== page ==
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derful to relate! he kept his word, for numbers of them were appointed to offices in Drury Lane Theatre and the Opera House. By this munificence he gained his election ; but, in a very short time, he found opportunities to oblige new friends, most of the others being obliged to relinquish their situations, from receiving no pay.

PUFFING BURLESQUED.

The following whimsical account of Mrs. Siddons's first appearance in Dublin, is extracted from an old Irish newspaper :-"On Saturday, Mrs. Siddons, about whom all the world has been talking, exposed her beautiful, adamantine, soft, and lovely person, for the first time, at Smock-Alley Theatre, in the bewitching, melting, and all-tearful character of Isabella. From the repeated panegyrics in the impartial London newspapers, we were taught to expect the sight of a heavenly angel; but how were we supernaturally surprised into the most awful joy, at beholding a mortal goddess. The house was crowded with hundreds more than it could hold, with thousands of admiring spectators, that went away without a sight.

“This extraordinary phenomenon of tragic ex

cellence ! this star of Melpomene! this comet of the stage ! this sun of the firmament of the Muses ! this moon of blank verse! this queen and princess of tears ! this Donnellan of the poisoned bowl! this empress of the pistol and dagger! this chaos of Shakspeare! this world of weeping clouds ! this Judo of commanding aspects ! this Terpsichore of the curtains and scenes ! this Proserpine of fire and earthquake! this Katterfelto of wonders ! exceeded expectation, went beyond belief, and soared above all the natural powers of description ! She was nature itself! She was the most exquisite work of art! She was the very daisy, primrose, tuberose, sweet-brier, furze-blossom, gilliflower, wall-flower, cauliflower, auricula, and rosemary! In short, she was the bouquet of Parnassus!

“ Where expectation was raised so high, it was thought she would be injured by her appearance; but it was the audience who were injured : several fainted before the curtain drew up !

“ When she came to the scene of parting with her wedding-ring, ah! what a sight was there ! the very fiddlers in the orchestra, “ albeit,

, unused to the melting mood," blubbered like

hungry children crying for their bread and butter; and when the bell rang for music between the acts, the tears ran from the bassoon players' eyes in such plentiful showers, that they choked the finger stops, and making a spout of the instrument, poured in such torrents on the first fiddler's book, that, not seeing the overture was in two sharps, the leader of the band actually played in one flat. But the sobs and sighs of the groaning audience, and the noise of corks drawn from the smelling-bottles, prevented the mistake between flats and sharps being discovered.

“ One hundred and nine ladies fainted ! fortysix went into fits ! and ninety-five had strong hysterics! The world will scarcely credit the truth, when they are told, that fourteen children, five old women, one hundred tailors, and six common-councilmen, were actually drowned in the inundation of tears that flowed from the galleries, the slips, and the boxes, to increase the briny pond in the pit; the water was three feet deep, and the people that were obliged to stand upon the benches, were in that position up to their ankles in tears ! An act of parliament against her playing any more will certainly pass.”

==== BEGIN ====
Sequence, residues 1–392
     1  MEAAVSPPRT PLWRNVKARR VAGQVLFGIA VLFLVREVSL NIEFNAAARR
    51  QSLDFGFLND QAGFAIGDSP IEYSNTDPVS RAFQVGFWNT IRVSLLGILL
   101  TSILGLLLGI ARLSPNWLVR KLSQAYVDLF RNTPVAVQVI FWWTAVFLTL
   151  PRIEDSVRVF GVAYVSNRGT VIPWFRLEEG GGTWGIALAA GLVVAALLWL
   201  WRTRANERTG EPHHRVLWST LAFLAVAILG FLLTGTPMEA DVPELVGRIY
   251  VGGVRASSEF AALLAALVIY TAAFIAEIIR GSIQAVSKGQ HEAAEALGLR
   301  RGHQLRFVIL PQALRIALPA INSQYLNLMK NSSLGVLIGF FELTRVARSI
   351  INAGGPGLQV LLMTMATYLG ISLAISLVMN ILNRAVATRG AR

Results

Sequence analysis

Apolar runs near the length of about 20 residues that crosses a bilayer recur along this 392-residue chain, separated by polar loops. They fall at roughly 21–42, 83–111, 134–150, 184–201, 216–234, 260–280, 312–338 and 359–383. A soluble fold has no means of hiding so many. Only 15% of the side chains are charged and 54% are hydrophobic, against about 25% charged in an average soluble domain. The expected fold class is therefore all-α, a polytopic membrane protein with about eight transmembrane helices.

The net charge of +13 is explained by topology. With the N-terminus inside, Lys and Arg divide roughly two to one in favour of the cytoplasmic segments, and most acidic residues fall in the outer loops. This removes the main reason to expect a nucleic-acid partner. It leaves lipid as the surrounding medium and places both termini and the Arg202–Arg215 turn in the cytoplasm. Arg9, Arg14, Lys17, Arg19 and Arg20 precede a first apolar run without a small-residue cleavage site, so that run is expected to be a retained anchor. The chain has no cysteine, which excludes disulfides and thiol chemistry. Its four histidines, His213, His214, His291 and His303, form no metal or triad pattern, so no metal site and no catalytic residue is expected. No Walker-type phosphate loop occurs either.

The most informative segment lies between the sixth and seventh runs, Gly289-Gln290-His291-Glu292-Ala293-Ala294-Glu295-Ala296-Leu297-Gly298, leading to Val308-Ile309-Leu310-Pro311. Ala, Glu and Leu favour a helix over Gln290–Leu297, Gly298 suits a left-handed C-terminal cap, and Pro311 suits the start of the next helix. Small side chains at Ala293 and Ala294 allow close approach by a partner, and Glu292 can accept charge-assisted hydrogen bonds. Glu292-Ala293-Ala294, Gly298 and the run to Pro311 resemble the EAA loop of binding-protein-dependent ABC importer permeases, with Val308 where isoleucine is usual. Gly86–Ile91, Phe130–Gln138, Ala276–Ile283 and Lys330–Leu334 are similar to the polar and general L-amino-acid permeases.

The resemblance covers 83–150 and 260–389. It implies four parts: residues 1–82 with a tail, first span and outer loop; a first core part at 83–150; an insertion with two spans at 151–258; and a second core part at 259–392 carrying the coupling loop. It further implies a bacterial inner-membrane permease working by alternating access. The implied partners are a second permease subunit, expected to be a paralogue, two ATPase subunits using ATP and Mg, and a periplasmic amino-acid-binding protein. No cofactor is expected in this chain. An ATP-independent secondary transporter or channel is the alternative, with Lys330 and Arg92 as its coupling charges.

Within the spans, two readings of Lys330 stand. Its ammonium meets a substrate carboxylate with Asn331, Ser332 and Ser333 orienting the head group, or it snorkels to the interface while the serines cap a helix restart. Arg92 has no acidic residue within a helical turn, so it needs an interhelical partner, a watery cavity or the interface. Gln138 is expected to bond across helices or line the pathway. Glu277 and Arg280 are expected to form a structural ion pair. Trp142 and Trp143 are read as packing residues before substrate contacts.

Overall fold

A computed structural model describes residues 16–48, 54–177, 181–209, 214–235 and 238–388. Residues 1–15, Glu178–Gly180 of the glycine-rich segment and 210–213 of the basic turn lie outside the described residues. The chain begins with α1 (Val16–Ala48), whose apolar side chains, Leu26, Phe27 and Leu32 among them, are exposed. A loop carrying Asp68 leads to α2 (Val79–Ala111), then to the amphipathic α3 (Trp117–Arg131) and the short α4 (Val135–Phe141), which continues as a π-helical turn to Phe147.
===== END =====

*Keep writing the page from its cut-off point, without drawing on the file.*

PROGRESS OF LUXURY.

In an old Cambridge comedy of “The Returne from Parnassus," we find this indignant description of the progress of luxury in those days, put into the mouth of one of the speakers.

“Why, is't not strange to see a ragged clerke,
Some stammell weaver, or some butcher's sonne
That scrubb’d, a-late, within a sleeveless gowne,
When the commencement, like a morrice dance,
Hath put a bell or two about his legges,
Created him a sweet cleane gentleman :
How then he 'gins to follow fashions.
He whose thin sire dwelt in a smokye roofe,
Must take tobacco, and must wear a locke.
His thirsty dad drinkes in a wooden bowle,
But his sweet self is served in silver plate.
His hungry sire will scrape you twenty legges
For one good Christmas meal on New Year's day,
But his maue must be capon-cramm'd each day.”

THE GERMAN PLAY," AT venice. An hereditary Prince made the tour of Italy: Venice was not left unvisited; and, during his residence there, he found himself in a social circle with the principal families. One thing, however, , hurt him much; as often as he was invited to any of the chief nobility's houses, some little Italian play closed the entertainments, and in these,

almost without exception, some German custom or other was represented in a ridiculous light.The prince took it amiss, but had discretion enough to keep his feelings to himself, and his example was followed by all his attendants, his chamberlain alone excepted.

The time of departure approached ; and the prince, on the evening before, invited all the persons by whom he had been entertained. Supper being over, the gentry were proceeding to place themselves at the card tables, when the chamberlain addressed them to the following effect:-"They had,” he said, “frequently charmed the eye and the ear of the prince, his master, by theatrical performances, which could not but be good, since they were Italian. It was, indeed, impossible for him to repay them in the same standard coin ; yet, he flattered himself, if they, for a few moments, would vouchsafe him their attention, to represent to them a German piece, as good as it was possible to make one there." The chamberlain then led the company to a great hall below, at the extremity of which was a miserable stage. At length appeared a German traveller, having round his waist a leathern belt, in which were stuck two pistols ;" he stared about

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